While it may seem scary to look at your natural hazard disclosure or your flood certificate and find out you are in a flood zone, there are things that can be done to protect yourself. Your lender will want to make sure you are taking care of your property, and the first way to do that is through flood insurance.

Residents living in areas that are vulnerable to flooding will need flood insurance. You may already have an insurance provider because home insurance of some sort is nearly always required. Talk to your insurance company about what type of coverage you can get to protect against a flood emergency. They can help make sure you are protected.

Insurance isn't the only way to protect your home, though. It’s nice to receive help from insurance when a disaster hits, it can still be highly inconvenient to repair damage and replace belongings that were ruined in a flood. If you want to be proactive in protecting yourself, there are flood prevention renovations you can do.  

For homeowners with basements, it's a good idea to waterproof and install pumps. For homeowners in very high-risk areas, you can raise your home on stilts to be extra safe. The more you know about the risk, the better prepared you'll be.

Increasing Flood Danger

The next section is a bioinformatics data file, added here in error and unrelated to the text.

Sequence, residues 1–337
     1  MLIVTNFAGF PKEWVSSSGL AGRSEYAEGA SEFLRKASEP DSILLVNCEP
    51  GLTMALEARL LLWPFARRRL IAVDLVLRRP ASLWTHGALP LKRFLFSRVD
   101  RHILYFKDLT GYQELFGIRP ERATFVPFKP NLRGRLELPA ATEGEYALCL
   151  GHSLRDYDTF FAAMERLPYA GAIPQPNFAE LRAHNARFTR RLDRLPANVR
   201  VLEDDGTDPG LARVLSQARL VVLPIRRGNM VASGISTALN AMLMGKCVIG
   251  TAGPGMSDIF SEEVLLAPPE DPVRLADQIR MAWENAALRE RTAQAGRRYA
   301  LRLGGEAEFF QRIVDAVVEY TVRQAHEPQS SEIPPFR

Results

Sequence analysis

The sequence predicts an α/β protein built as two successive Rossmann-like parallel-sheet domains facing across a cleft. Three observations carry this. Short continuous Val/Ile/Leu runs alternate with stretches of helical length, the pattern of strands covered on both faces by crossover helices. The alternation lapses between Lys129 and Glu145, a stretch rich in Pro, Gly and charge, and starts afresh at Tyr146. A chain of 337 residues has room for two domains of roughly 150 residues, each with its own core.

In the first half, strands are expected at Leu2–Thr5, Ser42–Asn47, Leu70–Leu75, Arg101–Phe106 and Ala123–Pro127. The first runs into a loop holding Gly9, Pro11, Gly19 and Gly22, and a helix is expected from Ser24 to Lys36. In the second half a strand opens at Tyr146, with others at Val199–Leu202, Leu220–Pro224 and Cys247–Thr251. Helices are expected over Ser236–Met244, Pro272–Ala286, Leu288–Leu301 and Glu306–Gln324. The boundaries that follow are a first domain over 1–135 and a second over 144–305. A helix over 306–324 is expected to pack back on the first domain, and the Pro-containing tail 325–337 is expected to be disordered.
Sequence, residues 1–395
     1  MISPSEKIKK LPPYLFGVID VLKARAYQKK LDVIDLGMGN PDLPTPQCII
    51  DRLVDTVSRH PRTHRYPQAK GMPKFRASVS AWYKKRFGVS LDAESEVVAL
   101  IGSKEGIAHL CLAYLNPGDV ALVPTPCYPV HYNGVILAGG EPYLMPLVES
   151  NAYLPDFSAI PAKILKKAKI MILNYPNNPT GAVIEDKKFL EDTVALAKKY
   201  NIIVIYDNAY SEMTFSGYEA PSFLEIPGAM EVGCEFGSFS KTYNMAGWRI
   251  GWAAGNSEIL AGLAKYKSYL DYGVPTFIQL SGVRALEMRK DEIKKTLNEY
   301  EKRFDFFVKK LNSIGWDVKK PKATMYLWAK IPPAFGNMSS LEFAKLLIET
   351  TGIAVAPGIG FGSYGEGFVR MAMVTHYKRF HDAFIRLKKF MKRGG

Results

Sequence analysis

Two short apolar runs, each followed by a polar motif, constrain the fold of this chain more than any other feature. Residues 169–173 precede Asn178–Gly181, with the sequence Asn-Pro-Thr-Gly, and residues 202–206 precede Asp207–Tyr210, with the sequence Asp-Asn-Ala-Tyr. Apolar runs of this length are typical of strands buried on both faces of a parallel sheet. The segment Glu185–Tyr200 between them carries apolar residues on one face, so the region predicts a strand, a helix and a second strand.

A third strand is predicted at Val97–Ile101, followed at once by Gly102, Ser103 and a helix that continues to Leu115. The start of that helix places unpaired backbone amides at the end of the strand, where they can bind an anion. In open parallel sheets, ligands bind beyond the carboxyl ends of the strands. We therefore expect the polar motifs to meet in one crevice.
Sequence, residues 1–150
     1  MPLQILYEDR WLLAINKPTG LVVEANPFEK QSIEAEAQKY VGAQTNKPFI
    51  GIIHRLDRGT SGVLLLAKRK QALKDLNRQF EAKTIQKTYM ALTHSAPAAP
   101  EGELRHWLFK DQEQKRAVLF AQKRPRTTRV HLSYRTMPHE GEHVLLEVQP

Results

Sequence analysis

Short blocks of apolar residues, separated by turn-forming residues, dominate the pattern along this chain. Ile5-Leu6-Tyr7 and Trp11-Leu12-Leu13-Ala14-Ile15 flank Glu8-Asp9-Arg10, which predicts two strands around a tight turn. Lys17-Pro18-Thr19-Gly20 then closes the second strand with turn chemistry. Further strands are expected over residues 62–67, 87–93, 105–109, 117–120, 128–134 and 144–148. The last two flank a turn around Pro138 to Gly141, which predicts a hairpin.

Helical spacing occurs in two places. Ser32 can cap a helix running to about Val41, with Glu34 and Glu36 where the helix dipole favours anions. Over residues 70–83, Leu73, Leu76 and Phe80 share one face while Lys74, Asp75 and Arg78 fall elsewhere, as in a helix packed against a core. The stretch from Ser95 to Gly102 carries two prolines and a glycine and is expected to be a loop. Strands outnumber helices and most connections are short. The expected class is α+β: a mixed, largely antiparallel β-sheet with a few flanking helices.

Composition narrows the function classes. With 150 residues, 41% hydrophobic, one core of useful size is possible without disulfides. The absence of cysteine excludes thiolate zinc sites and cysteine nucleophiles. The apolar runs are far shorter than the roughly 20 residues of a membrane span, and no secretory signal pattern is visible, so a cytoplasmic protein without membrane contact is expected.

The final reason flood certificates are important to mortgage lenders is that flooding is becoming increasingly more common in California. This means that if you are in a flood zone, you are more likely to experience more severe flooding than before, and it's likely to occur more frequently, as well.

In fact, one study from 2018 found that the dry season in California is getting longer, however, California was still experiencing the same amount of rain. The rain was just occurring in a smaller time frame, which can cause water reservoirs, dams, and water drainage systems to become overwhelmed.

Similarly, temperatures in California have been getting hotter. When California experiences hot temperatures in the spring, the snow in the mountains can melt too quickly, causing potential flood risk to homes near the mountains. If you want to know if you are at risk as the weather becomes more extreme, be sure to read both your natural hazard disclosure as well as your flood certificate.